Donald Trump accused of undermining US Constitution with tweet attacking 'unfair' protests against election victory

President-elect claims he 'loves' protesters hours after calling rallies 'very unfair'

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The Independent US

Donald Trump has abruptly changed his stance on continuing protests against his election after being accused of attacking Americans’ constitutional rights.

The President-elect called the demonstrations “unfair” on Thursday night, claiming the thousands of voters joining rallies across the US were incited by the media.

“Just had a very open and successful Presidential election,” the message said. “Now professional protesters, incited by the media, are protesting. Very unfair!”

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A demonstrator pleads others to stand back from the police line during a demonstration in Oakland (Stephen Lam/Reuters)

His remarks came on a second night of rallies in major cities including New York, Chicago and Portland, where police deployed rubber bullets and CS gas as the situation degenerated into rioting and vandalism.

Critics accused Mr Trump of undermining the first amendment of the US constitution, which protects freedom of speech, freedom of the press and the right to peaceful assembly.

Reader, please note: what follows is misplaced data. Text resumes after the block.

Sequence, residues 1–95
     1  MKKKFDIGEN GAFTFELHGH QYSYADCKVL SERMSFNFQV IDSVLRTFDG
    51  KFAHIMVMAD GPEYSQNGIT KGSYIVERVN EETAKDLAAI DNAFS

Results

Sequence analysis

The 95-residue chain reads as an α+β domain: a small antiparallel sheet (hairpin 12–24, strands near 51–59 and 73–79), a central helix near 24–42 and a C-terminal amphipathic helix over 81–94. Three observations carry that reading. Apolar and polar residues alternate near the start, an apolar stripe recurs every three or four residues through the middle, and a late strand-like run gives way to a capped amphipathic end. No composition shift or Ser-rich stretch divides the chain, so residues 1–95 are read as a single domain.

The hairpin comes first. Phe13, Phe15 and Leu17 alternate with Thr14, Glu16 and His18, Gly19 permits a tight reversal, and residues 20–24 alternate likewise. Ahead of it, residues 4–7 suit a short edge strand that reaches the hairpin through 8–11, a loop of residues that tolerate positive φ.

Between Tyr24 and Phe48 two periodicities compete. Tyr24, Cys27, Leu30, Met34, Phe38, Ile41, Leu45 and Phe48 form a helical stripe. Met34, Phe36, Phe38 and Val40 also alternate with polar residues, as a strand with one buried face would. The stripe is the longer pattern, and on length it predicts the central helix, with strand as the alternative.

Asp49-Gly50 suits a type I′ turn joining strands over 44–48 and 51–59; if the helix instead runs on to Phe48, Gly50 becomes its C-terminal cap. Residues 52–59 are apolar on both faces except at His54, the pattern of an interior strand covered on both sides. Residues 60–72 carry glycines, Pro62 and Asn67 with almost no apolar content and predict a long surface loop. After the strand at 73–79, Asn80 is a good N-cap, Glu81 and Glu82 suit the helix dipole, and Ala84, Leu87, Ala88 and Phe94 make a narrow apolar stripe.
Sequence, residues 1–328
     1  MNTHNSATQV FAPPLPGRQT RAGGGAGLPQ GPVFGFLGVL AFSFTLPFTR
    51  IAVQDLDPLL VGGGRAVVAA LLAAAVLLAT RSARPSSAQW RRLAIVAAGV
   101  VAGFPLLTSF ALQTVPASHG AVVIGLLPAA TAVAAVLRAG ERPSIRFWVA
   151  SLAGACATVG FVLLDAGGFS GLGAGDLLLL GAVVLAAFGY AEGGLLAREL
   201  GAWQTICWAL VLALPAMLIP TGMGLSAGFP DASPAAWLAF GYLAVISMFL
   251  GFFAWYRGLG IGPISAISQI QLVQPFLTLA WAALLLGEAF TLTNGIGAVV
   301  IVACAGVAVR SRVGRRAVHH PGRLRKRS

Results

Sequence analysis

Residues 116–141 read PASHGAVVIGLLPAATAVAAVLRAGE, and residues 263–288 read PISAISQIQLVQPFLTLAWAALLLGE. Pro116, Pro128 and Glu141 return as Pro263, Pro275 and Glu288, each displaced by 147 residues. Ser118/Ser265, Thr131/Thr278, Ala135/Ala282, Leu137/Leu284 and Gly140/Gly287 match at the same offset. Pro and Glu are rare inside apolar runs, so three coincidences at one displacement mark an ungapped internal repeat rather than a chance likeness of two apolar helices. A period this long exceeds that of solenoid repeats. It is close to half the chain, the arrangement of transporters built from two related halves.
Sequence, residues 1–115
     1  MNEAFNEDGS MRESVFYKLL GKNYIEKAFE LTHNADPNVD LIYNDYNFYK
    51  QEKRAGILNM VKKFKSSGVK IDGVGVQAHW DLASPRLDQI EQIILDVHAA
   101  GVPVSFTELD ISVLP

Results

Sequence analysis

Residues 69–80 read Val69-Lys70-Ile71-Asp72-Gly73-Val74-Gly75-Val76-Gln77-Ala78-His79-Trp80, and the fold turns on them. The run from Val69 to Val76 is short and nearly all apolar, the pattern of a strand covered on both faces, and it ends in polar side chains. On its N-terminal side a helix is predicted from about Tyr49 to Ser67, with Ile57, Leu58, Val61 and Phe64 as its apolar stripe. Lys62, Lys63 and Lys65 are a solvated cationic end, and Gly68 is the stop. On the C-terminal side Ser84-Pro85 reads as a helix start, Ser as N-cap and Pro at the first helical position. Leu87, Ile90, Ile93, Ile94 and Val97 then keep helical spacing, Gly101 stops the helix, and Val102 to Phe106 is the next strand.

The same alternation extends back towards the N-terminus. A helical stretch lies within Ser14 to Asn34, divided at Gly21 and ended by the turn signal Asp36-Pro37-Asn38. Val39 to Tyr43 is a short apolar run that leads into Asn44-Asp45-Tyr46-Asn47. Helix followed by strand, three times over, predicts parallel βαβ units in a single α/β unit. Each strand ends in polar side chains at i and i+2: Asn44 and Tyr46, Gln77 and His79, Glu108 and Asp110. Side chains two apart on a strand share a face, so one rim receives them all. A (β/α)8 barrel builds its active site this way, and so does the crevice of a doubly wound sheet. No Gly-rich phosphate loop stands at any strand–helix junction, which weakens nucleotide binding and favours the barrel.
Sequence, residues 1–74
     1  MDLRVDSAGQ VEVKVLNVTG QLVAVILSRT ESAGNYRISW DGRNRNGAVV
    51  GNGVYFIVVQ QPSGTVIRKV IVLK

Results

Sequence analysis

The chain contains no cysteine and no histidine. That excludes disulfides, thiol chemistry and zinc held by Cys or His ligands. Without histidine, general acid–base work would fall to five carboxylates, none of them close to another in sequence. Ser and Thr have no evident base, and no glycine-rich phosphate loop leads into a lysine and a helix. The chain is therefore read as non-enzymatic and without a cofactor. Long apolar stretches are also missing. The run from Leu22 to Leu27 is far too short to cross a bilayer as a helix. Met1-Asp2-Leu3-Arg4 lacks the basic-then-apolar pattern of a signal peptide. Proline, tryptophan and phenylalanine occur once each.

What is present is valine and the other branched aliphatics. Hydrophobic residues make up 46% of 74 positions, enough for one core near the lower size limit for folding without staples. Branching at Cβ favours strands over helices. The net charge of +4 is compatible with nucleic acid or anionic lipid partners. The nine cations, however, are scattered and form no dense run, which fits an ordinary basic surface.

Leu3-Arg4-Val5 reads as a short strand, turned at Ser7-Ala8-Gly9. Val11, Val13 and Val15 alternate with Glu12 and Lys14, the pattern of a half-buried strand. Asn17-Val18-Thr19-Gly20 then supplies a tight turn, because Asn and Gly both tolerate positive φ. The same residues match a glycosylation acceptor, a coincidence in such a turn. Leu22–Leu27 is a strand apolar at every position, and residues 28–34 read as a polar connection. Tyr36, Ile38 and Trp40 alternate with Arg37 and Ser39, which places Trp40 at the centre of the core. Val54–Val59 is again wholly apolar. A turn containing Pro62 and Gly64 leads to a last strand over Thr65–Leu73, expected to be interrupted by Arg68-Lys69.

“The man who will take an oath to defend the rights of all citizens is blasting people for exercising their rights to free speech and assembly,” tweeted Andrew Stroehlein, the European media director of Human Rights Watch.

“And note he is not talking about violence or rioting here. He is criticising the very idea of protesting itself.”

But nine hours after the original tweet, a new message was posted on the President-elect’s official account in a dramatically different tone.

“Love the fact that the small groups of protesters last night have passion for our great country,” it said. “We will all come together and be proud!”

The sentiment echoed remarks in Mr Trump’s victory speech on Wednesday, when he launched an uncharacteristic plea for unity following one of the most divisive campaigns in political history.

“Now it’s time for America to bind the wounds of division…I say it is time for us to come together as one united people,” he told supporters including a man who appeared to shout “Kill Obama!”.

As polls predicted an emphatic victory for Hillary Clinton in the run-up to the vote, Mr Trump repeatedly suggested he would contest the election result and accused the system of being “rigged”.

Barack Obama said the Republican candidate was “undermining democracy” with comments questioning its legitimacy “without a shred of evidence”.

Mr Trump had called on Americans to “march on Washington” in 2012 to stop Mr Obama’s victory, calling for a revolution against the electoral system.

“We can't let this happen,” read a tweet posted on 7 November. “We should march on Washington and stop this travesty. Our nation is totally divided!”

But he has not repeated the sentiment following his own election victory, when the Electoral College system he once called a “disaster for democracy” allowed him to beat Ms Clinton despite her winning more votes.

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